10. I followed and participated in AgChat on July 29th and the topic was State and County Fair Agvocacy. I think the overall idea of AgChat is a neat idea. I don’t know if I will get on every Tuesday night but I will look at the chat the next day. I have two main concerns with the chat. The first is that it is a very slow process and I found it difficult to sit there and stare at a screen for two hours. I understand that the mediator is monitoring the tweets but sometimes it would take 5 minutes for a new tweet. My second concern is the objective just to communicate with people within the agricultural industry or is it to communicate with outside audiences? If it is a tool that is used to communicate with outside audiences I don’t think it is doing a very good job of reaching this audience. If the goal is communicate just with agricultural I think this is a great tool and I hope it continues to grow.

    How important is Ag Chat? This is a difficult question for me to answer and maybe it was my topic. I really don’t think any major revelations happened do to this chat. Each fair is completely different. I think Texas does a good job of trying to educate the public on the agricultural and natural resources industry in Texas. I think some people were trying to contribute to the conversation but I felt kind of like it was a pity party. (My dad was with me when I was doing this assignment and agreed. He also made me send in a tweet. He was very disappointed when it didn’t get posted.) I can see how other topics might way heavier.

    One tweet that I agreed with is to keep our information basic when talking to the public. We don’t need to be overwhelming to the audience but we need to be able to talk to the audience without going over their head. Also I think it’s important to be proactive instead of defensive.
    #AgChat @agchat • 15h RT @ezweber Back to q4 Honestly most fair goers want basic info: girl vs boy animal, what does it eat, how does it live #agchat

    I think that AgChat is a new way of communication for people who work in the agricultural industry. I do not think it is a new way of communication for the producers. They do not have time to sit down for two hours and read tweets. Producers will rely on other ways of communication to find out upcoming information.

    • I’ve participated in AgChat before, and there was quite a lapse between the moderators response and time frames for posting questions. It may have been a new moderator this time or something else, but I agree that was a little frustrating and I struggled with staying up on this one because there was such a gap in responses.

  11. I participated in the July 29th AgChat session on county and state fairs and advocating at them. However, I have participated in other AgChat conversations previously ranging from GMO’s to gardening. I have been fortunate enough to attend both a regional and a national AgChat conference.
    Overall, I think AgChat is a good way to communicate to a broad audience who might be following the #agchat hashtag or @AgChat on Twitter. However, at the same time it may be limited by this as well to who it is reaching. I had to do my chat from my phone while working with a group of CASE participants, so it made it difficult at times to follow the chat and I did miss a question or two. I find in the past, when I have done it in front of a computer or using HootSuite to follow it, it is much easier to participate.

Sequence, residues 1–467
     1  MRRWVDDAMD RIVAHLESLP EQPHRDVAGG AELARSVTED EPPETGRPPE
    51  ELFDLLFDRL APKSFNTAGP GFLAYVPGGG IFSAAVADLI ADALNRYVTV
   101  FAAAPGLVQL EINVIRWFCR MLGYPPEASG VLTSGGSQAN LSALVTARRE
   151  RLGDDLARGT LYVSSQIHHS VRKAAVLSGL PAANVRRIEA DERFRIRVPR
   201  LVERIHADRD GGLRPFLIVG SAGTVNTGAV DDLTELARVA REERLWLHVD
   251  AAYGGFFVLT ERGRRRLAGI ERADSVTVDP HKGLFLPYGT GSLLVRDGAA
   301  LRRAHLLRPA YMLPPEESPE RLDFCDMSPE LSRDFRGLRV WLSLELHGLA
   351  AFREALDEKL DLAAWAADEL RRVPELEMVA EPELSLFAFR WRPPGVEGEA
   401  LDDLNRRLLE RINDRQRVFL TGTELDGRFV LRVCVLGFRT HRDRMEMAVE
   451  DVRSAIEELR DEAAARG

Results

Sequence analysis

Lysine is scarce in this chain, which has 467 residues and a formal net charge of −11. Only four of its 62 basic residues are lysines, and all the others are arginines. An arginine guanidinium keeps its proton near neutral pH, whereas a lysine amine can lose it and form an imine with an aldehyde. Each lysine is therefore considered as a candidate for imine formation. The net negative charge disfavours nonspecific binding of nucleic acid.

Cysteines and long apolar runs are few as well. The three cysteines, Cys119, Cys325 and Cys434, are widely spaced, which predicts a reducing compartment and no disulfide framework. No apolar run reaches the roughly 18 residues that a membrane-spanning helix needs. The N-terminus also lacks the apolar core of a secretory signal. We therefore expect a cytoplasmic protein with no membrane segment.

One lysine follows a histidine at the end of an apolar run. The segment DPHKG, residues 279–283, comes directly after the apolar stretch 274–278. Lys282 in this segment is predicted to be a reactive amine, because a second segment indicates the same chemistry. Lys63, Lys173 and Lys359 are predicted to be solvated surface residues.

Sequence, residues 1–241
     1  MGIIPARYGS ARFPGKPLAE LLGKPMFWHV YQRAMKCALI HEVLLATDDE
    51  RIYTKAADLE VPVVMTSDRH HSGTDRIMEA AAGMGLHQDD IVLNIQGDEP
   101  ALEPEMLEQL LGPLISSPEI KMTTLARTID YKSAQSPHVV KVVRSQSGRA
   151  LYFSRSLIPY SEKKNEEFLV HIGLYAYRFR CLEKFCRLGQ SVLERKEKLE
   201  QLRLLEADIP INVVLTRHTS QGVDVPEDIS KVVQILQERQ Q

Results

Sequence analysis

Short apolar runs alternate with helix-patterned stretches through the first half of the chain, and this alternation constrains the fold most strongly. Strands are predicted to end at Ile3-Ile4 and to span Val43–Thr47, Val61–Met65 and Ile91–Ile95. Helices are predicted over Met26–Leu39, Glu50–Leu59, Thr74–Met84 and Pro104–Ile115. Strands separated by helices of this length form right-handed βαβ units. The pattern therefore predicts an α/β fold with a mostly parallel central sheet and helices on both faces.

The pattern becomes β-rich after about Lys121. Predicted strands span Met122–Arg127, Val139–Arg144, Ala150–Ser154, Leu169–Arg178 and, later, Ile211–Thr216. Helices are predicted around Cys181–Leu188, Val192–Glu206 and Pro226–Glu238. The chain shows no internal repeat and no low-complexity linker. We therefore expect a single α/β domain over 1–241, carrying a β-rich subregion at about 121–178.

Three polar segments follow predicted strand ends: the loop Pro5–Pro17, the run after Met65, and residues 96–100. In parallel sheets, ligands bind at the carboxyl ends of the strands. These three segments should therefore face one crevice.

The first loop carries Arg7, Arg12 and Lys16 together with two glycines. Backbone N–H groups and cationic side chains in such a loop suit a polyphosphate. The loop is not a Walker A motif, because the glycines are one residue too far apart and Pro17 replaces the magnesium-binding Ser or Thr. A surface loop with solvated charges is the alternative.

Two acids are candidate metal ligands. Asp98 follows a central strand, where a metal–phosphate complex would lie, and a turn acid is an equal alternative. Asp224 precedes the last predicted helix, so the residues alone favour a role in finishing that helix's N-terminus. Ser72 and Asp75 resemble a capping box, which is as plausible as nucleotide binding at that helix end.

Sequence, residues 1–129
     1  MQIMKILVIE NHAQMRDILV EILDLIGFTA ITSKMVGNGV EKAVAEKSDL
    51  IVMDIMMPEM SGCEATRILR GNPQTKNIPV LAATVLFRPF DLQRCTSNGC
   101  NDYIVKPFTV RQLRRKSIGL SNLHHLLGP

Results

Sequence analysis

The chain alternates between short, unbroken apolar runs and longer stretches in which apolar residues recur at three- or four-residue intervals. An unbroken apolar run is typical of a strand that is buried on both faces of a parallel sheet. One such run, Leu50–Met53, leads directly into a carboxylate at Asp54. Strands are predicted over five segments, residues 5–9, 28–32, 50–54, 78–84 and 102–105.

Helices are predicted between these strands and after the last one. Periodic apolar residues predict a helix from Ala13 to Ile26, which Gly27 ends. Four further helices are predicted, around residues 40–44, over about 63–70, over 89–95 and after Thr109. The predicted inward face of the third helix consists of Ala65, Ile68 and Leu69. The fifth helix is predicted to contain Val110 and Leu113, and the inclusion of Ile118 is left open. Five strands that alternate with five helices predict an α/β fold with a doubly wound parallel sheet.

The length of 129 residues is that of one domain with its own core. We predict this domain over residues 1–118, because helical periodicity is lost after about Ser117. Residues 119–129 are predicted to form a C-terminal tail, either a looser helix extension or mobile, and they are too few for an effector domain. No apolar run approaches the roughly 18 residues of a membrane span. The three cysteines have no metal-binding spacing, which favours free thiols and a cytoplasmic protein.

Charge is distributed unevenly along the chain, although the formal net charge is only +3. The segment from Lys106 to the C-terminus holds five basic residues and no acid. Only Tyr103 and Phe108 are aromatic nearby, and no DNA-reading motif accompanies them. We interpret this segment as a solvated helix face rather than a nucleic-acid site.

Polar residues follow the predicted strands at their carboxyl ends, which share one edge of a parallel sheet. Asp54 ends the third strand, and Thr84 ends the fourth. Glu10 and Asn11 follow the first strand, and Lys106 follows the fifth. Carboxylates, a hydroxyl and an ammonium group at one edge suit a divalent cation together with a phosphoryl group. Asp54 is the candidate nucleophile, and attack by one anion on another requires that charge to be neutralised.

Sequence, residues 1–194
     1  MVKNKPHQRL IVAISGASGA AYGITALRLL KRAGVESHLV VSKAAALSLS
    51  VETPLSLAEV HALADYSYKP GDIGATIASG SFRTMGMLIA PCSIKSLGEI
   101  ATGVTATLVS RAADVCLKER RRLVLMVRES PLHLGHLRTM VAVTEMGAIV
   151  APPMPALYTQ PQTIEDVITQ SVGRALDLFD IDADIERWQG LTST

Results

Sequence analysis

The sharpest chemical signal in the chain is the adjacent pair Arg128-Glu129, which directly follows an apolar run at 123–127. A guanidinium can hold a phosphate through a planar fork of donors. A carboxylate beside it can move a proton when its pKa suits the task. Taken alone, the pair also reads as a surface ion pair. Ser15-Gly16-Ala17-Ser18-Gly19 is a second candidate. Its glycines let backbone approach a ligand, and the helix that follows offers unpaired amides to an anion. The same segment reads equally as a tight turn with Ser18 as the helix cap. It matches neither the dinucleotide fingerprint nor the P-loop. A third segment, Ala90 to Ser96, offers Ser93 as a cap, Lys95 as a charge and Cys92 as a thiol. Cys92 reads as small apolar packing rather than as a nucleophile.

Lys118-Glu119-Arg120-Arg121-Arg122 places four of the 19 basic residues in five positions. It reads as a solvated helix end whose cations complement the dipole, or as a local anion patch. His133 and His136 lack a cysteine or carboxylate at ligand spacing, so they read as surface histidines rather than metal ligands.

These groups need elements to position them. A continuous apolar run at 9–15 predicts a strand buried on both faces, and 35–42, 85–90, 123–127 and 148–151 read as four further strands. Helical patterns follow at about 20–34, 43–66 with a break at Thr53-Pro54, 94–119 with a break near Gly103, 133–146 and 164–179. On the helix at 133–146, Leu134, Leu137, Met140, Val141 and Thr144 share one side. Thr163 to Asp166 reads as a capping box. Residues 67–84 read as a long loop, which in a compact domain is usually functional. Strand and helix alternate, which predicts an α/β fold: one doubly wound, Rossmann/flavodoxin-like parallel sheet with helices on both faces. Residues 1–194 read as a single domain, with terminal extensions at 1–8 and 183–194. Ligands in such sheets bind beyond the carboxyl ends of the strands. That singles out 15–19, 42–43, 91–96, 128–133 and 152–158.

Some of the pros of AgChat are that it is open to anyone to join in the conversation. A person following the session doesn’t have to be in agriculture to follow it or learn from it. Anyone can ask a question or clarify a tweet, and it is a good way for farmers or those working in agriculture to get their message out there. Some cons are the time frame. I know some of those chatting have struggled with this either because they are putting kids to bed or at a sporting event or even finishing up supper. It is also important for those with Twitter accounts to remember that if their account is set to private, unless someone is on your approved follower list, they cannot see your tweets as part of the chat session.
    AgChat in terms of a tool for farmers, is very important just to bounce idea off of each other. However, it does seem like very few outside of agriculture actually post or participate in the conversation. That being said, I don’t know how many are actually following the conversation just to see what is posted that aren’t in agriculture. I think that it is a creative use of a social media platform that needs to continue. If you can put the content or word out there for more consumers, I feel like that is worth continuing.
    The topic for this conversation was state and county fairs and how advocating and agriculture are portrayed at your fairs. It was entertaining, but it was definitely more geared towards agriculture folks and how they respond to certain aspects of their fairs. It didn’t seem very consumer oriented like many of the sessions are. It definitely felt like all farmers participating this time, or at least ones that were involved in agriculture.
    I don’t believe there was any statement that I felt very strongly about one way or the other, but a discussion on county or state fairs tends to be fairly neutral. My friend, Emily, who is actually leaving AgChat as their director was also on the chat, and she tended to agree or have the same types of thought about the Minnesota State Fair as I did. We agreed that people came to see the animals, but the education portion of agriculture at the fair had to be snuck in while they were bonding with the baby chicks, for example. However in past AgChats, there have been statements I disagreed with, especially when we touched on GMO’s.